by Rich Sheppard
When things get a bit stressful in my life, I take refuge in projects around
the house. I detest house projects so much that doing them blasts my thoughts
away from what's troubling me and provides a measure of consolation.
Underestimating a Job
My first big task seemed a snap, promising fast stress release: painting
the decorative wood frame surrounding my front door. Resolutely, I purchased
paint and brushes. I'd be done in time for dinner -- ready to absorb a meal,
a ballgame, and additional stress.
About to start painting, I finally took a
closer look at the door frame. Even to this novice, "surface
preparation" was an obvious requirement. The existing paint was ancient
-- crustily, crackling, and peely. A minor setback. A short cellar rummage
yielded a worn wire brush and rusty paint scraper thoughtfully left behind by
the previous owners. Back to work!
But this is a
House Project, and Projects are never easy. The wire brush simply
doesn't do the job that a motivated new home owner wants. It just scratches
the surface, removing little flecks of the curly, already loose paint. The scraper
is promising, but can't penetrate the dense, thickly-applied paint
layers. The stuff is like tank armor. I need something brutal. The more
brutal, the better. Where to turn?
TV to the Rescue
I'm no fan of the
people on those cooking and home-improvement shows on public TV. They make
things easy, when sure for them they are because they do them for a living.
They're often smug about their talent.
sometimes have those shows on in the background while I read or dine. Even
if it's annoying to suffer people doing things you can't, it's sometimes
strangely appealing and relaxing to watch other people work. Burning
food, hammering thumbs, whatever. Amazingly, something useful surfaced, and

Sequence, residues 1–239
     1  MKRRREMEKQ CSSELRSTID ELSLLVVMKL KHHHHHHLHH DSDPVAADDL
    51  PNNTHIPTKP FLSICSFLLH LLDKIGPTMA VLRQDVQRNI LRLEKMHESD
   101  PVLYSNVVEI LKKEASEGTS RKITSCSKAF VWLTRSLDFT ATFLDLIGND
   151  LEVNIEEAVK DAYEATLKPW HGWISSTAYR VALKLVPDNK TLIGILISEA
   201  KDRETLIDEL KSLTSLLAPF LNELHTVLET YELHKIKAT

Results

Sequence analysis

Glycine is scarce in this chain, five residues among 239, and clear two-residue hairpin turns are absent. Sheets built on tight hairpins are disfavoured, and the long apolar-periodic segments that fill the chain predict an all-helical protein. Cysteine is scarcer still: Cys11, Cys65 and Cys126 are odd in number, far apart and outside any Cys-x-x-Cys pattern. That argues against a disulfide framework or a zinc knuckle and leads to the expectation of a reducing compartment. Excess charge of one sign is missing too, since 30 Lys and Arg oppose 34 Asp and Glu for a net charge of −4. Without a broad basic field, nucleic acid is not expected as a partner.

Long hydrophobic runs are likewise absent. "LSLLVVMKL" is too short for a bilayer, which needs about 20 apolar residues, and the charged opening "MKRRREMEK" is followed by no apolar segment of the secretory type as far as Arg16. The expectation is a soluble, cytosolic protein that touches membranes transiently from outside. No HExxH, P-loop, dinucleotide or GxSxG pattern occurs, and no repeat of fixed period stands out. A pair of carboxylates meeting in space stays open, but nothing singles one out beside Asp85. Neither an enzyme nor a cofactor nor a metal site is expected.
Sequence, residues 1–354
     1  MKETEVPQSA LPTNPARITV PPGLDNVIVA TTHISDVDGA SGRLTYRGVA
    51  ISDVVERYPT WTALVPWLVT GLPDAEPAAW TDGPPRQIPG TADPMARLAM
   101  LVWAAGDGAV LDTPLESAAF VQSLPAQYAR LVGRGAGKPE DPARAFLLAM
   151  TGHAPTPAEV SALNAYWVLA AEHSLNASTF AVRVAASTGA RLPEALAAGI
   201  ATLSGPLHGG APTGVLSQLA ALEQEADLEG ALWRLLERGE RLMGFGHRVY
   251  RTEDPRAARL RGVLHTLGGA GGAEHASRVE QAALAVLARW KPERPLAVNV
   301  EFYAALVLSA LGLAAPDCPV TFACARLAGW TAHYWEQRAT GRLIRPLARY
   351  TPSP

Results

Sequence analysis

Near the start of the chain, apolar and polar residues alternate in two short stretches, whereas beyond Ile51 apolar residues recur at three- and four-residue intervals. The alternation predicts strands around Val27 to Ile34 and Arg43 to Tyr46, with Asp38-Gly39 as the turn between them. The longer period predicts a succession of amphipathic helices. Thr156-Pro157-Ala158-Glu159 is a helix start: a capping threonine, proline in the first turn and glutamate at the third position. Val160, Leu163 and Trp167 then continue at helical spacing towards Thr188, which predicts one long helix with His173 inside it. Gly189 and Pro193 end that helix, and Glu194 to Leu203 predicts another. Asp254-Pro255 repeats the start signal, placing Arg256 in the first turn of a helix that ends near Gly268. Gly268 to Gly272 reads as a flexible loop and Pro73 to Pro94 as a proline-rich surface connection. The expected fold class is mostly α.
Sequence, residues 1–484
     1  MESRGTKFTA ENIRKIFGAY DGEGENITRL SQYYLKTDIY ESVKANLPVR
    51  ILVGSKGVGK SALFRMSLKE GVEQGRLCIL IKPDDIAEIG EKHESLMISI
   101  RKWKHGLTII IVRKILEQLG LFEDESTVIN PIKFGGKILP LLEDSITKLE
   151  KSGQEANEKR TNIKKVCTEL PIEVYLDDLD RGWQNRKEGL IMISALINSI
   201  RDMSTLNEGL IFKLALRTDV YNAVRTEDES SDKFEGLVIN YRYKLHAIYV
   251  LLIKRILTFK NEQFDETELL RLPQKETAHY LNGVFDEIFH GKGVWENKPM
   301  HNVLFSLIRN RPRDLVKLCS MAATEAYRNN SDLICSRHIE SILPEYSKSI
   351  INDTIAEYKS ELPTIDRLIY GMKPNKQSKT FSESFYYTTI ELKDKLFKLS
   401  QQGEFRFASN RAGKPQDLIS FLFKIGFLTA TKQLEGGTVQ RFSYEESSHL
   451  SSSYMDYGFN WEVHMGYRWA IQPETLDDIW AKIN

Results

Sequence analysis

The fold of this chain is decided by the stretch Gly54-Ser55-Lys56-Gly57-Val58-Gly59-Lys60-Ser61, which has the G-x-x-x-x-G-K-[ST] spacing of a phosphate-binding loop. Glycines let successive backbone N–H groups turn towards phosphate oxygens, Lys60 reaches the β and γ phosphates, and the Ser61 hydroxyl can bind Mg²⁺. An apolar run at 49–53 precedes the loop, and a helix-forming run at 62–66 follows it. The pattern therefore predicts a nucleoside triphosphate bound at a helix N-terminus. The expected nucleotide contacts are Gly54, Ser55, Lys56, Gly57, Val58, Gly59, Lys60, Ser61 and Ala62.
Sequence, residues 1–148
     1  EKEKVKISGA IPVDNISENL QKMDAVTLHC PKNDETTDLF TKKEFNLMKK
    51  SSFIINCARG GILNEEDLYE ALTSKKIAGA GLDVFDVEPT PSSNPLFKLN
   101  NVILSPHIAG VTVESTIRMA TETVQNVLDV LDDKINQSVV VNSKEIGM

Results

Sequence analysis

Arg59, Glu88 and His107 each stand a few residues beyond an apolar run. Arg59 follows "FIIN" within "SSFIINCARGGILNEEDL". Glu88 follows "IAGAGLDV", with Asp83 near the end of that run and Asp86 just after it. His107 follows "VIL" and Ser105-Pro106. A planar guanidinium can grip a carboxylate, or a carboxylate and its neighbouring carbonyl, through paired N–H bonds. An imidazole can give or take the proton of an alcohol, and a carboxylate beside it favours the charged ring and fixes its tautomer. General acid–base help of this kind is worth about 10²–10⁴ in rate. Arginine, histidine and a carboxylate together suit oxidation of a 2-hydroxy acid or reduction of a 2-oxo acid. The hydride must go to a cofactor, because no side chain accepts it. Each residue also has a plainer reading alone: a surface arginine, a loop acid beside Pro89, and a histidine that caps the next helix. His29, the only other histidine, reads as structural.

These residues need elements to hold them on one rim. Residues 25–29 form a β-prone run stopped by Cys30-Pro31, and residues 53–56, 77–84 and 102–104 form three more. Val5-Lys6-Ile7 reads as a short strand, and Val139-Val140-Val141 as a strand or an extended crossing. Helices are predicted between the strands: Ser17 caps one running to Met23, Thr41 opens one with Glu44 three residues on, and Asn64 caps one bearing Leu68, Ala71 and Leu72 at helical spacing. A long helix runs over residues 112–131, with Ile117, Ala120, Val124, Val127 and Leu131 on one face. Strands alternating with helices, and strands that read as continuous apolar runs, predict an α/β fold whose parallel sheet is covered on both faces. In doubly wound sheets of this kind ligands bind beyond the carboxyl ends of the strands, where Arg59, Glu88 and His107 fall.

just in time.
I was half-watching a handyman show
when they had a helluva paint scraping task. They were using an electric heat
gun. Perfectly brutal! In an ugly conventional war against paint, the
heat gun is splendidly nuclear. At forty bucks, the affordable answer to my
woes. (Until I see my electric bill.)
The heat gun
resembles a blow dryer -- even the attachments are identical. The directions
clearly read, DO NOT USE AS A HAIR DRYER, and for good reason. Trials
prove you can incinerate a diamond-hard frozen pizza back to crunchy black
carbon in twenty seconds. It's a blowtorch with no visible flame -- a
fiendishly potent and perilous apparatus. Handheld Hell. Licensing may be
appropriate to keep it out of the wrong hands (mine).
you're stripping paint in the bathroom, please don't leave the heat gun
lying around. The innocent will come along and accidentally grab "heat
gun" instead of "blow dryer." That person's whole head will
surely be ablaze too quickly to amend the ghastly error. I'm certain (and
troubled) that this has occurred somewhere.
heat gun is so dangerous that it fascinates -- daring you to find senseless
new uses for the searing heat. But like the automobile cigarette lighter,
the electric pencil sharpener, and the heavy-duty blender, the heat gun is
not a toy. Sometimes, however, tools are more fun that way -- used as
hypnotic distractions from real work.
in the Cellar
An inquisitive toddler, I
occasionally conducted "tests" on the capabilities of electrical
appliances. The devices often "failed." (I can tell Sunbeam how
"heavy duty" their blenders really are.) Cigarettes don't cause
problems if you put them in an electric pencil sharpener; pens or straws do.
Don't get your finger in there, either. That's all behind me now -- I
believe I'm responsible enough to own a heat gun without licensing.
am I? The heat gun is so tempting. Setting "1" puts out a wicked
600 degrees, heat that boils and bubbles armor-tough paint layers for easy
scraping. Plenty of heat for anything, really. But why, if not to encourage
childish stunts, do the makers provide setting "2"? Setting
"2" produces 1200 blistering degrees, far more heat then the
public (especially me) needs for any purpose whatsoever.
are ideal laboratories. Some sick humans use the cellar for bad things --
kidnapping and such. I use my cellar strictly to endanger my own life:
finagling with electrical boxes, moving crushingly heavy objects by myself,
and startling plumbing mishaps. Plus the inevitable scientifically useless
heat gun trials.
The sirens grow reassuringly
louder. Here come the fire trucks -- hurry boys! Experiment #122c:
"Effects of 1200 Degrees on Glass Bottle" is a failure. The bottle
shattered, and a glowing glass shard ignited a gauzy curtain. I was slow
with the garden hose. The cellar is an Inferno, with the entire house soon
to become a smoking, radiating ruin. Is my fire insurance okay? I'll find
out. Of course like most, I could blame someone else and sue. Those devilish
heat gun builders never included a warning about stripping paint from glass
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